I’m very excited to be making my very first trip on the SKLR. Laura from
Arts Transmission and Daniel the BRFM presenter have kindly offered to act
as my guides.
We’re riding the Santa Special from Sittingbourne Junction up to Kemsley.
Steam piling and curling above us in an impossible bouffant, we pass along
the viaduct, just one of the impressive pieces of engineering that comprise
this railway. Daniel, who knows the area well, fills me in on changes to the
local landscape that have accompanied the passing of the old paper mill. Our
carriage is filled with sound, all manner of metallic clanks, rickety clunks
and clamorous rumbles accompany our progress along the line and attempt to
drown out the energetic chug-chug-chug of the engine ahead of us. It’s a
radically different soundscape to that of the high speed train that brought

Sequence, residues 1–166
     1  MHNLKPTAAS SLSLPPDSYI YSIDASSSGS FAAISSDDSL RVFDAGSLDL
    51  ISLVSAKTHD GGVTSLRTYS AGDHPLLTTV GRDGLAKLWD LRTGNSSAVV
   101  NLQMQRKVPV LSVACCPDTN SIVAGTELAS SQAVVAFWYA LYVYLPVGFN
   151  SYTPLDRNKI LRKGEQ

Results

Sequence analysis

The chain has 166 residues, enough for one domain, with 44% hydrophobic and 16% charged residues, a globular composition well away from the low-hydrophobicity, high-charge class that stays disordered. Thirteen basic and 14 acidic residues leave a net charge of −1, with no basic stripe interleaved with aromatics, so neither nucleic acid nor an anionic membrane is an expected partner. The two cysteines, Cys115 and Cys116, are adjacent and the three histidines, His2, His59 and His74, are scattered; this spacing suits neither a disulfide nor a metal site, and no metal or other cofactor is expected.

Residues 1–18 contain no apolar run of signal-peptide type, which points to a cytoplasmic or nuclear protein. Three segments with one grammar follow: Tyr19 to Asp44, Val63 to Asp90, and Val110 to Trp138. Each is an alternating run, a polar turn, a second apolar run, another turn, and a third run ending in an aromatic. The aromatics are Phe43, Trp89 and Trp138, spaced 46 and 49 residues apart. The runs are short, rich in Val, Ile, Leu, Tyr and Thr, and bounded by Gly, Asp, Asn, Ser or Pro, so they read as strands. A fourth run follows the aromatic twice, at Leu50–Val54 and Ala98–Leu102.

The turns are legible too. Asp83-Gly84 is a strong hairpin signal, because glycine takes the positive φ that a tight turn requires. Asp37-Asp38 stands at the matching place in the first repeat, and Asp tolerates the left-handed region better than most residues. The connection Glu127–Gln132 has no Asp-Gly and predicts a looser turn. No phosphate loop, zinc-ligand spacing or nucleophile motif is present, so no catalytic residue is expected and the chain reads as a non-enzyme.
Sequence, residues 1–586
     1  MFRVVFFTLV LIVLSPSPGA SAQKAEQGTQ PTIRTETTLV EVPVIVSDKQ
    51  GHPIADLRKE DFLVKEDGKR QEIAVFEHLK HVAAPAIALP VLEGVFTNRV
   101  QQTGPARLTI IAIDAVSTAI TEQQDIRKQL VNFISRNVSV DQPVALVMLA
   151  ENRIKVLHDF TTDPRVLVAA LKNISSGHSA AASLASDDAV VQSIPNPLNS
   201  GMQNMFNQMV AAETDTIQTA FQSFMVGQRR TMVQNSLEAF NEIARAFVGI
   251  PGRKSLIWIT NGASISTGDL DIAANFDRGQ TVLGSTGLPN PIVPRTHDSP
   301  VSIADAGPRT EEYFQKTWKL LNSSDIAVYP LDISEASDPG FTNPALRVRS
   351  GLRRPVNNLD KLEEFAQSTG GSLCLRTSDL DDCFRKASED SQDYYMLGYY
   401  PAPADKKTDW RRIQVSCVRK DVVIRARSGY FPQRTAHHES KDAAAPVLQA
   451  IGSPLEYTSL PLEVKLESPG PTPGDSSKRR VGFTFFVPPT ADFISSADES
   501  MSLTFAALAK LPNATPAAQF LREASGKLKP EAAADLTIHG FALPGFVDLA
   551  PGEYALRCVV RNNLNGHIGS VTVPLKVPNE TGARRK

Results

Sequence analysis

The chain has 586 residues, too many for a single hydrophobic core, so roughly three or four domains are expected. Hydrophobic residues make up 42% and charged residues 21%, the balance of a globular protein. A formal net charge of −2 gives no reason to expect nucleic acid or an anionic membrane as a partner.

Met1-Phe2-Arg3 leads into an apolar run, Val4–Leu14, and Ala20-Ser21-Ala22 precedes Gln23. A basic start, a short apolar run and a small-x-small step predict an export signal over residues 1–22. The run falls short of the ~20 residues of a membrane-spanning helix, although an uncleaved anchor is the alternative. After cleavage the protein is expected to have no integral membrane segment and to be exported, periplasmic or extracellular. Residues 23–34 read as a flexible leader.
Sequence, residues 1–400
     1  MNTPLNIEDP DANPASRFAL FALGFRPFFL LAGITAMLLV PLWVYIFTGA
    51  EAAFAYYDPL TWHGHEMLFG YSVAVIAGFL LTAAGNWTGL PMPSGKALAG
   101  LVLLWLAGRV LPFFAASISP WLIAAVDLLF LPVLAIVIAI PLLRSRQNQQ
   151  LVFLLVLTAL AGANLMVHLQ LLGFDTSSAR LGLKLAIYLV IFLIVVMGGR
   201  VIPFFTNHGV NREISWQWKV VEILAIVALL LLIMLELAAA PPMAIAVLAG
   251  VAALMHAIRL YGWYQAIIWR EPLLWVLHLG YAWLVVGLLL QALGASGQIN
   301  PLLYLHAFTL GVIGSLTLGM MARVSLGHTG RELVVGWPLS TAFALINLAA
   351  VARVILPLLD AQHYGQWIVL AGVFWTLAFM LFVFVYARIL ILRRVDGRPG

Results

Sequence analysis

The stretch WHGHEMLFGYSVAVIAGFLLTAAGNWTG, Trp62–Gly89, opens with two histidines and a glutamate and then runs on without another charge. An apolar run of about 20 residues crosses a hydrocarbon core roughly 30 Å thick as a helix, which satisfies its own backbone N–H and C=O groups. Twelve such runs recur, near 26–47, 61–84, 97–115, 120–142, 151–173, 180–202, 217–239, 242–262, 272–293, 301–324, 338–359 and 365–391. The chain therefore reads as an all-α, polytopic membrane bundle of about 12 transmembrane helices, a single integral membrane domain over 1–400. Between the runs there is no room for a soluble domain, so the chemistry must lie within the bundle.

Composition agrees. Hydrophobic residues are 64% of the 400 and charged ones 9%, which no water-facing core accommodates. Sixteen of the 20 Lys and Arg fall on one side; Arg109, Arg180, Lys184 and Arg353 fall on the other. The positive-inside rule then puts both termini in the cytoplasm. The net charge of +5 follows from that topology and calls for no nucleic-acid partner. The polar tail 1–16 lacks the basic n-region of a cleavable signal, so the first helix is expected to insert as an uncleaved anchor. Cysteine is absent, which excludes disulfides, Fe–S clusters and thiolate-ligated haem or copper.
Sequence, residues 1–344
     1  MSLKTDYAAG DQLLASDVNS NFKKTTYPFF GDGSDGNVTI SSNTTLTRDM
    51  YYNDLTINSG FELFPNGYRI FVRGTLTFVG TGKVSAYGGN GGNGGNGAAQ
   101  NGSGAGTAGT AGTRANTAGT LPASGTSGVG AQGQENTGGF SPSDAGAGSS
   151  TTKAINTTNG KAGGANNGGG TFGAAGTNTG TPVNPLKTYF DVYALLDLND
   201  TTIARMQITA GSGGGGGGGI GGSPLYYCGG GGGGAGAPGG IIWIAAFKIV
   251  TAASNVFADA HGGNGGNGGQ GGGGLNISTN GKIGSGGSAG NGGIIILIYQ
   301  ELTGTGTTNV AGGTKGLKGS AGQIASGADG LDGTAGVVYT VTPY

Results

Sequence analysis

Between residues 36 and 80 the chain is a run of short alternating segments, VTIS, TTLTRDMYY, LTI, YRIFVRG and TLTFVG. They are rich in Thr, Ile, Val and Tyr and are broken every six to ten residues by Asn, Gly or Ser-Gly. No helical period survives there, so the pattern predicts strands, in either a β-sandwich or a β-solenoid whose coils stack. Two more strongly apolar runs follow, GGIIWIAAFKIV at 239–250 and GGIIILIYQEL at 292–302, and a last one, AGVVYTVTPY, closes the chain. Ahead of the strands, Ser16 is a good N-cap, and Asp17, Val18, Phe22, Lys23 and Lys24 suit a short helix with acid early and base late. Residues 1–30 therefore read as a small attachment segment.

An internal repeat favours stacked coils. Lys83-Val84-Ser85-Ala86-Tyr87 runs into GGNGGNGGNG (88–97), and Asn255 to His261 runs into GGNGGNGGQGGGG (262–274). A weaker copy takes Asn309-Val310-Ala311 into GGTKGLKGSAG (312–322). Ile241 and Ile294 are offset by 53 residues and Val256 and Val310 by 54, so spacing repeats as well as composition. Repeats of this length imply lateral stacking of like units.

me from London.
At Kemsley, we are met by a young volunteer, the knowledgeable Dan. He leads
us on an involving tour of the site the station, work sheds, museum, coal
bunkers, shop not forgetting the café where Liz and Bob provide a welcome
cup of tea, (reasonably priced as the detective character in David Lynch’s
memorable TV series Twin Peaks would have said). Along the way, I start to
get an inkling of the magnitude of the task required to keep the engines,
carriages and tracks in operational and in peak condition.
The sight of the beautiful engines in the yard; some in active service,
some awaiting restoration alongside stoical museum pieces, momentarily bring
to life how the paper mill and railway were intricately woven into the lives
of the people who lived and worked here. I close my eyes briefly and try to
imagine the rich mix of sounds that would have comprised a working day in
this amazing place.
post by sound artist Jim Whelton